Friday, March 25, 2022
The Supreme Court today stayed a lower-court injunction against the Defense Department's COVID vaccine mandate for 35 Navy special warfare personnel. The ruling means that the Navy can impose the mandate (or consequences) on servicemembers pending their appeal to the Fifth Circuit.
The case, Austin v. U.S. Navy Seals 1-26, arose when 35 Navy servicemembers assigned to naval Special Warfare Command units sued the Defense Department, arguing that DOD's COVID vaccine mandate violated the Religious Freedom Restoration Act and the Free Exercise Clause. The district court ruled in their favor and entered a preliminary injunction against the mandate. It later declined to stay the injunction, however, and the Fifth Circuit affirmed. The government then sought a "partial stay" of the injunction at the Supreme Court.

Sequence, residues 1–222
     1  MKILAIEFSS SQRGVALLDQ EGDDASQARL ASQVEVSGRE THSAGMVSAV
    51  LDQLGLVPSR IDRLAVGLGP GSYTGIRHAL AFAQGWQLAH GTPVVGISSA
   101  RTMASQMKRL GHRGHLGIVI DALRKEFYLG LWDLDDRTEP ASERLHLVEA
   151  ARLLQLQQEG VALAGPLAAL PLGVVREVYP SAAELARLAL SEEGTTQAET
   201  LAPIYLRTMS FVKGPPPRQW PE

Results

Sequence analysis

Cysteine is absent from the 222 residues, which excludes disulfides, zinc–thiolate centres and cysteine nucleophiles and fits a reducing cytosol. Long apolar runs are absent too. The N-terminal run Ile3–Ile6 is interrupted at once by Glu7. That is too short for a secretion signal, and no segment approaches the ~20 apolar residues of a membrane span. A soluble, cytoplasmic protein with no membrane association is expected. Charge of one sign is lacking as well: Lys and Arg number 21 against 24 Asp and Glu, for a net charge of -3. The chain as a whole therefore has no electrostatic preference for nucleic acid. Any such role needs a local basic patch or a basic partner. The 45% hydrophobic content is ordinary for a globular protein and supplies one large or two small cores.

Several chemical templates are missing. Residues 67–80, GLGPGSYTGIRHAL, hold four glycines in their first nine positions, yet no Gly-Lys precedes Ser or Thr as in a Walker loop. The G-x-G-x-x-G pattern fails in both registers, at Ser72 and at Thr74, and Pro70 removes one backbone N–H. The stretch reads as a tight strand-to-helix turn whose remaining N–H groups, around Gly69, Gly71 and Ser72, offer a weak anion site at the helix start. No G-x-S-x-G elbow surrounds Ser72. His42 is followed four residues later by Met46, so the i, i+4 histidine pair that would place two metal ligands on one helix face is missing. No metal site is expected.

Today the Court granted the stay in an unsigned order.
Justice Kavanaugh wrote a concurrence, arguing that the district court's preliminary injunction improperly inserted the court into the military chain of command.
Justice Alito dissented, joined by Justice Gorsuch. He argued that DOD set up an unduly burdensome process for religious exemptions, and that it hadn't granted a single one. He claimed that the military's summary rejection of religious exemptions wasn't narrowly tailored to meet its compelling interest in minimizing serious health risks to Navy personnel, and that the government treated servicemembers who sought medical exemptions more favorably than those who sought religious exemptions.